The specialist physician should perform a detailed study of the person’s physical condition, history, and risk habits. These data are correlated with the shape, size, and echogenicity of the nodule to determine the possible malignancy of the lesion. A biopsy is the definitive method to differentiate a benign nodule from a malignant one.

3 common forms of hypoechoic nodules

Although there are many different types and forms of hypoechoic nodules, there are 3 that stand out from the rest due to their frequency. We’ll explain them here.

1. A hypoechoic nodule in the thyroid

The thyroid is an endocrine gland located in the anterior area of the neck. Nodules in this organ are a common problem with a prevalence in the United States of 4 to 7%, according to studies. These lesions can be detected by physical examination and imaging techniques, such as ultrasound.

In general, a hypoechoic thyroid nodule with posterior enhancement, anechoic patterns, and some cases of hyperechoic lesions tend to be benign. Conversely, hyperechoic patterns without posterior enhancement, lesions with irregular margins and the presence of microcalcifications are usually sonographic findings of malignancy.

2. A hypoechoic nodule in the breast

Breast nodules, or lumps, cause fear and anxiety in most women. These rounded lesions are the result of accelerated cell proliferation. However, not every breast lesion is malignant or should be labeled as cancerous.

Hypoechoic breast lesions are associated with simple cysts, complicated cysts, or fibroadenomas, according to research. Solid nodules, hyperechoic, irregular, irregular, ill-defined bordered or spiculated images, and with microcalcifications, are at higher risk of malignancy. In the latter case, a biopsy is the method of choice to rule out breast cancer.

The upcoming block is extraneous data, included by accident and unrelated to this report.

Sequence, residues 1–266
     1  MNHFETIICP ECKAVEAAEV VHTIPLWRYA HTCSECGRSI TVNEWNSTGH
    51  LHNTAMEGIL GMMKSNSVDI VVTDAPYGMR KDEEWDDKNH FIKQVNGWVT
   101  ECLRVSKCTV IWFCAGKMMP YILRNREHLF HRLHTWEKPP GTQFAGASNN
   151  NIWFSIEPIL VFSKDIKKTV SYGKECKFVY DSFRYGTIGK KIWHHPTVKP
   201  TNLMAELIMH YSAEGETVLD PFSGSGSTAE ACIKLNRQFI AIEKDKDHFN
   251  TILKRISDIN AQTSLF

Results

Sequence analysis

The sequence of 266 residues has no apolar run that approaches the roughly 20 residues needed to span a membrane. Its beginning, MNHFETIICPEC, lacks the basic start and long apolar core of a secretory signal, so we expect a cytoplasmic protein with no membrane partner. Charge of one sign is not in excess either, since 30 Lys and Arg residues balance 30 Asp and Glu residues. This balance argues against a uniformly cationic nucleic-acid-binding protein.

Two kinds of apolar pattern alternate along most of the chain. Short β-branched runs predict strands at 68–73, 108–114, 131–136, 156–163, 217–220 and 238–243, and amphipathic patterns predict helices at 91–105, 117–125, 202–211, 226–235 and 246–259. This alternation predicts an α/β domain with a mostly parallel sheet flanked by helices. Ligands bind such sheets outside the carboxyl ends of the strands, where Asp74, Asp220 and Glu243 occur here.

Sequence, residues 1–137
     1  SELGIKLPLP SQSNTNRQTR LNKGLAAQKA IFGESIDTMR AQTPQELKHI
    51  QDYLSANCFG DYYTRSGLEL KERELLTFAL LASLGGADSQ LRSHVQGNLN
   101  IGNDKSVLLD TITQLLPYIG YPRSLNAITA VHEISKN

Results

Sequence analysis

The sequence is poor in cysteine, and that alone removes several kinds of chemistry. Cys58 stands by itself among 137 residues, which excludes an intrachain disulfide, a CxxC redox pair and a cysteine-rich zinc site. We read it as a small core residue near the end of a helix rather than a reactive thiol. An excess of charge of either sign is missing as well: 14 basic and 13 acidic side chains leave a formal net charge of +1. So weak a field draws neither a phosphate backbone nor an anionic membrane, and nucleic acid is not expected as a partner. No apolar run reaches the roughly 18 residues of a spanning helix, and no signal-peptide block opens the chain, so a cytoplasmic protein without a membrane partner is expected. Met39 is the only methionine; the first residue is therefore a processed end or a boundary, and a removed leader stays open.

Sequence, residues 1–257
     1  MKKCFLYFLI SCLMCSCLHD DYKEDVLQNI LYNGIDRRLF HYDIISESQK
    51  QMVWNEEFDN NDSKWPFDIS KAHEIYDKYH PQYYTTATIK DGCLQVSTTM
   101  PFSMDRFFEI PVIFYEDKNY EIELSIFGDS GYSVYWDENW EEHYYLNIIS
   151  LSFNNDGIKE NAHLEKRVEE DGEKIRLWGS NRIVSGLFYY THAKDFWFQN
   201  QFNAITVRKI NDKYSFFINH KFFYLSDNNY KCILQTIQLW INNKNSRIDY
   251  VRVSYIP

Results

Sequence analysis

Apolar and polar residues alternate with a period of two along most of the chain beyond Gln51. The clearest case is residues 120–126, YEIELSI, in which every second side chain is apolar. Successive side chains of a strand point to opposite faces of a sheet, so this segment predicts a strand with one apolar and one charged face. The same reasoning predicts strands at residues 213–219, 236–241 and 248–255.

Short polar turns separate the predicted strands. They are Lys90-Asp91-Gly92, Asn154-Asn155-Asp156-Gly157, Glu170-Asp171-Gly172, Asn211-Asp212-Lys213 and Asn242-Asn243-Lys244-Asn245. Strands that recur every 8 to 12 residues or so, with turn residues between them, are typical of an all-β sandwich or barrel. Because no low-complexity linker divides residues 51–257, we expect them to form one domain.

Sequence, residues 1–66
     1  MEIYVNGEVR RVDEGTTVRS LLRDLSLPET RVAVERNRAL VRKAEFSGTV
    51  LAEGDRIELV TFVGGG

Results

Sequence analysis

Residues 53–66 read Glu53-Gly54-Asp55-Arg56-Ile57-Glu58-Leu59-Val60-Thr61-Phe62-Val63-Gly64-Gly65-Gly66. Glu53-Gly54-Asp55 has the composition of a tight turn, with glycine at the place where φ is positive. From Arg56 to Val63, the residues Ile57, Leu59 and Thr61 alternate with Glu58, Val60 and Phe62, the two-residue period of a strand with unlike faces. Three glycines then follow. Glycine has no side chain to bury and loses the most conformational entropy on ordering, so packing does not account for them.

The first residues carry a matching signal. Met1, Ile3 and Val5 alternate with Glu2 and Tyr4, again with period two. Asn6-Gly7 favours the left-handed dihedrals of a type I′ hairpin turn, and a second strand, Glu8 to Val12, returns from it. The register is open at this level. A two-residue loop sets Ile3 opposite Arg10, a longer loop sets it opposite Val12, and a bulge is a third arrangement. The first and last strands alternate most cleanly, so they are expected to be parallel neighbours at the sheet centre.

3. Hypoechoic nodule in the liver

Nodules in the liver are associated with a wide variety of conditions. Studies state that in polycystic liver disease, multiple hypoechoic cystic nodules can be found occupying more than 50% of the liver parenchyma.

However, not every hypoechoic lesion is benign and several studies are necessary to rule out malignancy. Nodules with accelerated growth, changes in shape, and a size greater than 1 centimeter (0.4 inches) should be investigated.

A liver.
The liver is another organ susceptible to cysts and nodules relatively frequently.

What is the treatment for a hypoechoic nodule?

The treatment plan for a hypoechoic nodule varies depending on the organ involved and the morphologic characteristics of the nodule. Most benign lesions require medical supervision every 6 months to monitor their evolution.

On the other hand, nodules that are suspected to be malignant, with changes in their characteristics or accompanied by pain or compressive symptoms, require more aggressive management. Biopsy and puncture for microscopic study is necessary.

In general, malignant lesions should be removed by surgery to avoid possible complications, such as dissemination to neighboring organs.

A rounded hypoechoic nodule that shows low density during ultrasound study may be solid, cystic, or mixed. However, specialist physicians are the only ones qualified to evaluate this type of lesion and provide appropriate treatment.